The Shawshank Redemption (1994)
. A sequence where the convicts find Jake (Brooks's pet crow) dead in a field sometime after Brooks has left the prison, and the convicts give Jake a funeral and burial. This deletion ends up providing a subtle thematic shift; as scripted, both Brooks and Jake represent the dangers of institutionalization, but as depicted on screen, Jake ends up foreshadowing Andy's successful escape in the climax of the film.
. Tommy's young wife visiting him, their conversations providing a more vivid illustration into why Tommy decides to turn his life around and approaches Andy to work on getting his GED.
. After Andy's escape, an unfortunate guard is sent into his tunnel to see where it leads, and when he sees the sewage pipe broken into and smells the overwhelming odour of shit, he vomits - loudly. Red hears this happen from his own cell and cracks up laughing. He's sent to solitary confinement for two weeks... where he continues laughing, thus learning for himself what Andy (in the aftermath of the loudspeaker incident) had meant about "easy time" in the hole.
. Red's feelings on the 1960s after he is paroled, as well as a panic attack in the grocery store that sends him running for a bathroom cubicle that calms him down because it reminds him of his cell - thus making his choice to find the tree and rock wall more meaningful, because it runs counter to Brooks's choice.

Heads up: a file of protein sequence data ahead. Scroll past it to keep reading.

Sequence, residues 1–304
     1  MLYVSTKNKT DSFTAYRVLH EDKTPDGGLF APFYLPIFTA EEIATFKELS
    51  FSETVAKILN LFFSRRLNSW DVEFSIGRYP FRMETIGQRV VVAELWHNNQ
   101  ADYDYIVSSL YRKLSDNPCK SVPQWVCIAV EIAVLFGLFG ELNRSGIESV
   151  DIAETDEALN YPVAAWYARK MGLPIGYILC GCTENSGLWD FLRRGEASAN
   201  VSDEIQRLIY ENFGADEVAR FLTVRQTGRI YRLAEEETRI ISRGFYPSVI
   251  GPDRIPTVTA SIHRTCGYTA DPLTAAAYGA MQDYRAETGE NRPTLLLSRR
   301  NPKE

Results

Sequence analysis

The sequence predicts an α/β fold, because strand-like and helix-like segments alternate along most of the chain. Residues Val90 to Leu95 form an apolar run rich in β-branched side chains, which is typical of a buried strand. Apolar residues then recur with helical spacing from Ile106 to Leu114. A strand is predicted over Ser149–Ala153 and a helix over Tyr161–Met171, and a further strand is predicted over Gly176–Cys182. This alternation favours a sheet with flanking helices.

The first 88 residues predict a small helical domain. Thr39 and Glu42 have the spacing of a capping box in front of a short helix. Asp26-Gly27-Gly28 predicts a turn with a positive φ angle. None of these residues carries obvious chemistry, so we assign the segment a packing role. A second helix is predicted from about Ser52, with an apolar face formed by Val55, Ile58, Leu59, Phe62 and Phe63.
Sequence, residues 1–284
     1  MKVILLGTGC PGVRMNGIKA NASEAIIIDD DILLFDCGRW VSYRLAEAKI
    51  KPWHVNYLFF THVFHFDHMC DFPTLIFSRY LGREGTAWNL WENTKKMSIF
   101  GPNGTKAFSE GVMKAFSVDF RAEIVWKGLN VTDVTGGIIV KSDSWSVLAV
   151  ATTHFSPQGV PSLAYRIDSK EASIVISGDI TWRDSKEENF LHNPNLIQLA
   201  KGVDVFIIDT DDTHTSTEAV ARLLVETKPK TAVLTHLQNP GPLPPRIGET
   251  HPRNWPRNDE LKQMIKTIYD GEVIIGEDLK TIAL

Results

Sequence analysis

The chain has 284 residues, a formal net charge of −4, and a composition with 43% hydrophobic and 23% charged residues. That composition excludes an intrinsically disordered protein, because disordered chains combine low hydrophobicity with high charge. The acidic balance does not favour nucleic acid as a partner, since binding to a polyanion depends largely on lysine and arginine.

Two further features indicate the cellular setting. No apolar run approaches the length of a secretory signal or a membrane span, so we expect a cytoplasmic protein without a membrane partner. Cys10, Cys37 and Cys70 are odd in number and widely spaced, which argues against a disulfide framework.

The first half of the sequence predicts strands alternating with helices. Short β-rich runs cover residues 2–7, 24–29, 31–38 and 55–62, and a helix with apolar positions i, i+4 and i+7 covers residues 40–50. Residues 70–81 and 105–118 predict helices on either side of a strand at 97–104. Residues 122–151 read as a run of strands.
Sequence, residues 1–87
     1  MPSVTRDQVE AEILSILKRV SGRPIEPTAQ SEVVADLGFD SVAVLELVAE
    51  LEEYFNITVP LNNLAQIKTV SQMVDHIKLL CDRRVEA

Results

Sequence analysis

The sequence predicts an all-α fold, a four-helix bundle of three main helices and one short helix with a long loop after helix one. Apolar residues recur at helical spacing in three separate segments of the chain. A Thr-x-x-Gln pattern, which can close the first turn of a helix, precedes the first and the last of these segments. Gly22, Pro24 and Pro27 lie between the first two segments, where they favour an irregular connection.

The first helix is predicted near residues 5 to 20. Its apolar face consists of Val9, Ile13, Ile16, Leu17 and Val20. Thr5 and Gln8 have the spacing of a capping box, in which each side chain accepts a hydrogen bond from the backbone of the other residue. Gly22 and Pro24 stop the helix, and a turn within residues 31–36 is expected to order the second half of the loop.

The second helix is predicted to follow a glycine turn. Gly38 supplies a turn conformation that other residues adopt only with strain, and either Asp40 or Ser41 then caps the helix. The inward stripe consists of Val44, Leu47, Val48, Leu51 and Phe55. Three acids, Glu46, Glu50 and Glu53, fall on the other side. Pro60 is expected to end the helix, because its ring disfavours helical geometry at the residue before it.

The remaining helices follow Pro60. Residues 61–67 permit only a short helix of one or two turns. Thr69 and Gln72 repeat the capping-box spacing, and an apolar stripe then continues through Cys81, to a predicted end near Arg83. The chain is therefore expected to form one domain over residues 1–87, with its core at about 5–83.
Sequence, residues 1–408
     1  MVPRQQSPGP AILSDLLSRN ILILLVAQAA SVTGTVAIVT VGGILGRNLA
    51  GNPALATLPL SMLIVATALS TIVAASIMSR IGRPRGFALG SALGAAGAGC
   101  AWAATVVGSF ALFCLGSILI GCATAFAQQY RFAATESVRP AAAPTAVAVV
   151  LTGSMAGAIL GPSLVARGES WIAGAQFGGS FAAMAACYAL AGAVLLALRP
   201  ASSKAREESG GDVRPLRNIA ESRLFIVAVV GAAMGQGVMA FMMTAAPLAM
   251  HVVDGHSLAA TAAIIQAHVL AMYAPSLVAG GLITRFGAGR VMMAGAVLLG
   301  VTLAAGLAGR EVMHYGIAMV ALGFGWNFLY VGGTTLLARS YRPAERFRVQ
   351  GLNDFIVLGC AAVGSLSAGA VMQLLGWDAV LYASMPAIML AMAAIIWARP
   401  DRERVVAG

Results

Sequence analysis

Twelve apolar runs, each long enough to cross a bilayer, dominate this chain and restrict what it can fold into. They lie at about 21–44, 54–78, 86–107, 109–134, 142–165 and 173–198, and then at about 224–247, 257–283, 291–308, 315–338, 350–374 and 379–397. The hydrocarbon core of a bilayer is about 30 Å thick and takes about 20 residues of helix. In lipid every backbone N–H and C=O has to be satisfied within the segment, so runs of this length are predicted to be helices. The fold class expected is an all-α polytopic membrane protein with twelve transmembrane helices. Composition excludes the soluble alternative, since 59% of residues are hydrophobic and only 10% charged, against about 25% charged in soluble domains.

- The novella specifies that Andy smuggled $100 into the prison in his rectum; exactly how he pays Red the agreed-upon price of $10 for the rock hammer is never made clear in the film.
- Andy orders a second rock hammer from Red in the novella, after the first wears down. This does not occur in the film.
- Multiple wardens oversee the prison in the novella. They are combined into the character of Norton in the film. For example, in the novella, the warden who agrees to mail Andy's letters and the warden who treats him so harshly at the end are not the same person.
- In addition to Red being a white Irishman, the novella also gives details of his crime that the film doesn't.
- In the film, Hadley and his guards beat up Boggs as a favor to Andy for all his financial tips. In the novella, Andy uses the money he smuggled into the prison to pay thugs to do it.
- Tommy's story is also slightly different. He tells Andy that his old cellmate bragged that the double-murder he committed was pinned on a lawyer, rather than a banker, and Andy latches onto the idea that the two professions were commonly confused at that time.
- Tommy is also not killed in the novella; after agreeing not to testify on Andy's behalf, he is sent to another prison.